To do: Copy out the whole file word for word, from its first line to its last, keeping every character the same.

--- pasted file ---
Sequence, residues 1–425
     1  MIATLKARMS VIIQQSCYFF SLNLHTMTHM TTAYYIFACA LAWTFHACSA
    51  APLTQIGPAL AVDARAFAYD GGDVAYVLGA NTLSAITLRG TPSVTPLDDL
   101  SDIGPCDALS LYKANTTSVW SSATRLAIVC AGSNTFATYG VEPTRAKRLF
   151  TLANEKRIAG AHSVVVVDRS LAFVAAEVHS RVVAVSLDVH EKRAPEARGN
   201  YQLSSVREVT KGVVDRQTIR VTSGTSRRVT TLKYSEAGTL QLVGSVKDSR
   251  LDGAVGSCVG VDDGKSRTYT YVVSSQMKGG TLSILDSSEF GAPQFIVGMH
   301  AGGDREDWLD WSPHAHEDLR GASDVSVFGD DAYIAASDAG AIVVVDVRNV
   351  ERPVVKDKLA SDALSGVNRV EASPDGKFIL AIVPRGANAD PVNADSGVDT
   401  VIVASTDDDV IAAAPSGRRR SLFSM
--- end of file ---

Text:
Sequence, residues 1–425
     1  MIATLKARMS VIIQQSCYFF SLNLHTMTHM TTAYYIFACA LAWTFHACSA
    51  APLTQIGPAL AVDARAFAYD GGDVAYVLGA NTLSAITLRG TPSVTPLDDL
   101  SDIGPCDALS LYKANTTSVW SSATRLAIVC AGSNTFATYG VEPTRAKRLF
   151  TLANEKRIAG AHSVVVVDRS LAFVAAEVHS RVVAVSLDVH EKRAPEARGN
   201  YQLSSVREVT KGVVDRQTIR VTSGTSRRVT TLKYSEAGTL QLVGSVKDSR
   251  LDGAVGSCVG VDDGKSRTYT YVVSSQMKGG TLSILDSSEF GAPQFIVGMH
   301  AGGDREDWLD WSPHAHEDLR GASDVSVFGD DAYIAASDAG AIVVVDVRNV
   351  ERPVVKDKLA SDALSGVNRV EASPDGKFIL AIVPRGANAD PVNADSGVDT
   401  VIVASTDDDV IAAAPSGRRR SLFSM